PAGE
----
Public and private differences have been a central topic in public administration research. This study explores electric utilities' voluntary disclosure of environmental performance and examines if private (investor-owned) and public (government-owned) utilities have different drivers for voluntary disclosure. In particular, this study analyzes the panel data on electric utilities' participation in the Department of Energy's Voluntary Greenhouse Gas Registry program (VGGR) from 1995 to 2005 and attempts to explain the different participation patterns between public and private utilities based on two perspectives-public-private distinction and corporate environmentalism-which probes private firms' voluntary environmental actions in particular. The findings show that private utilities tend to participate in the VGGR program when they have better performance, higher consumer interaction and market pressure, and also when they anticipate further regulations on greenhouse gas emissions. This is consistent with the existing theoretical and empirical studies on corporate environmentalism, which suggests private firms under intensive government regulation and market pressure actively use voluntary disclosure strategy to preempt future regulations and to gain economic benefit or legitimacy. On the other hand, it is found that public utilities tend to participate in the VGGR program when other related mandatory rules exist. This suggests that public utilities' voluntary disclosure is primarily being driven by other mandatory requirements.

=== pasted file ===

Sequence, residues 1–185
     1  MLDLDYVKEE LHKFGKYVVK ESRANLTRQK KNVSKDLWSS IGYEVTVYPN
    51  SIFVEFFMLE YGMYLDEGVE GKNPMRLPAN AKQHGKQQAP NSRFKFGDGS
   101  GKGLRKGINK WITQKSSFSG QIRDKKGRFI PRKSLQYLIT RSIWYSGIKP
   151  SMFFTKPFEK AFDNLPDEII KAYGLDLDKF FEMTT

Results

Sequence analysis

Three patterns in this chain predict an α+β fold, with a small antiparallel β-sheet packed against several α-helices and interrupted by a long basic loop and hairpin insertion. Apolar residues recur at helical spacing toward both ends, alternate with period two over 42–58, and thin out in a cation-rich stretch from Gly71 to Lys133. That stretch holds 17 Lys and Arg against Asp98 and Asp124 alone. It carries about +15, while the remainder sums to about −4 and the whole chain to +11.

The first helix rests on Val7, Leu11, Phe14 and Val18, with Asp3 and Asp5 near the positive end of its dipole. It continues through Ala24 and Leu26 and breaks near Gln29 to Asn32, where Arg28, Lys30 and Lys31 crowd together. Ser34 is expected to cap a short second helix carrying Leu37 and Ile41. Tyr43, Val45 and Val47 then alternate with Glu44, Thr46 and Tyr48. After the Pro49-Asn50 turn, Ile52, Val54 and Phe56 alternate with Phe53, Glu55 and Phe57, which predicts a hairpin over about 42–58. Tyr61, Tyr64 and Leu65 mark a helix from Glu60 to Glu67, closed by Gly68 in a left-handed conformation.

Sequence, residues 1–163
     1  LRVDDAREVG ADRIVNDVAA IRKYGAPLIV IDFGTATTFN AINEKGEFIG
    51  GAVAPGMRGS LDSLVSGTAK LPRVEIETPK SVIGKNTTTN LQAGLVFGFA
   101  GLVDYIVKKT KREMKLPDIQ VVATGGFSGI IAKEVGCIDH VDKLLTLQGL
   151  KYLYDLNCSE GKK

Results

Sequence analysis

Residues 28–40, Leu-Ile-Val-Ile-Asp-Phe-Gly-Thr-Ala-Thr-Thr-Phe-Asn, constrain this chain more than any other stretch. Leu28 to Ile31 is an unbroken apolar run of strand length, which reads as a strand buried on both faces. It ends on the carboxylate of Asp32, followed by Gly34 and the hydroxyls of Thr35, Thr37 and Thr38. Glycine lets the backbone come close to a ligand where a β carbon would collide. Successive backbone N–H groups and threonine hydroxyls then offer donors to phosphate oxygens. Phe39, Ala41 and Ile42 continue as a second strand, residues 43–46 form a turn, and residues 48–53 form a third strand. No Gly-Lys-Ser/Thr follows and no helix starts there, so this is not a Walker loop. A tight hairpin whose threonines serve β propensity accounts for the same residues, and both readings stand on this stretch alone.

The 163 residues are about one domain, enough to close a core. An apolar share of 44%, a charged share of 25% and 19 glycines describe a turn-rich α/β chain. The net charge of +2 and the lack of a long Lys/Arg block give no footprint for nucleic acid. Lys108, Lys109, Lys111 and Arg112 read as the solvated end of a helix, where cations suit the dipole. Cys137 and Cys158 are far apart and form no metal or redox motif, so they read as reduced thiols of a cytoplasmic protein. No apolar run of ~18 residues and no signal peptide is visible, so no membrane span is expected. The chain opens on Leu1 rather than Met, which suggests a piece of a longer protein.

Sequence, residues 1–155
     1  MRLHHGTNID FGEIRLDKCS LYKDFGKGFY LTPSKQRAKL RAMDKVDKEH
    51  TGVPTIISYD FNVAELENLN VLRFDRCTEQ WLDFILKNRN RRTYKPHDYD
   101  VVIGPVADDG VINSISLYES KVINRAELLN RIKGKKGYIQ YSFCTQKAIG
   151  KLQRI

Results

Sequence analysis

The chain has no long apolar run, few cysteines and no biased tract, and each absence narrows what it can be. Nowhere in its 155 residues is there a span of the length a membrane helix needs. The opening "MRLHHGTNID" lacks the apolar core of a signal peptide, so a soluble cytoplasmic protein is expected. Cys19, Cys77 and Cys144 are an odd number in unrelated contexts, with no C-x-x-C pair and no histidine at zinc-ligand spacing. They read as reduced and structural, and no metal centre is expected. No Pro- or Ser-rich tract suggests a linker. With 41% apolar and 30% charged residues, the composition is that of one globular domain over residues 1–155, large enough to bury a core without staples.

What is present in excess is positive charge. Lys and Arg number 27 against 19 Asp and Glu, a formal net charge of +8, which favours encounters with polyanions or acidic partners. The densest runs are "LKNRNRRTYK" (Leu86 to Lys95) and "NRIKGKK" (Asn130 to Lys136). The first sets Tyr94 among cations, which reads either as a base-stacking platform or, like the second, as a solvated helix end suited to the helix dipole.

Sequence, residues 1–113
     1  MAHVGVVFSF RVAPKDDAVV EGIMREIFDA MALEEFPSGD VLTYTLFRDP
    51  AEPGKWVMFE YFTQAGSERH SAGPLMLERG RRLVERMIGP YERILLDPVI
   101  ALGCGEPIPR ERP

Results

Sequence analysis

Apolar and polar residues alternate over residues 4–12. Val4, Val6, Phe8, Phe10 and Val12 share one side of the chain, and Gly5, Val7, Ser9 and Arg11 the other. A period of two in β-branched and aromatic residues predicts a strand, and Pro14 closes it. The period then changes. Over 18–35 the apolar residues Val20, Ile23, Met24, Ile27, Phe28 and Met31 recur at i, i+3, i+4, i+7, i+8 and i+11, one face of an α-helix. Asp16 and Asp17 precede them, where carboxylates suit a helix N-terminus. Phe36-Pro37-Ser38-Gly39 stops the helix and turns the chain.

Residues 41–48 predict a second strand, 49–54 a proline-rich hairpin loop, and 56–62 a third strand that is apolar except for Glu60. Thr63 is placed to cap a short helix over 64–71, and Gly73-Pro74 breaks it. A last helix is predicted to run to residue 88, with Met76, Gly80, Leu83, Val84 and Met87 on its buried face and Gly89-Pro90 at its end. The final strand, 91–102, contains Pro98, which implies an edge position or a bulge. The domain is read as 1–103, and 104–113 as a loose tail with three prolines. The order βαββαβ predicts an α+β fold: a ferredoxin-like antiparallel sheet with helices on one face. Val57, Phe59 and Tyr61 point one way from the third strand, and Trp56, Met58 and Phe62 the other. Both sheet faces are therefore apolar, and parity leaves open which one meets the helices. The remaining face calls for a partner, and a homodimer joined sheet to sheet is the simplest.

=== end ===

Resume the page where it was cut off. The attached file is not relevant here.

All Science Journal Classification (ASJC) codes
- Sociology and Political Science
- Public Administration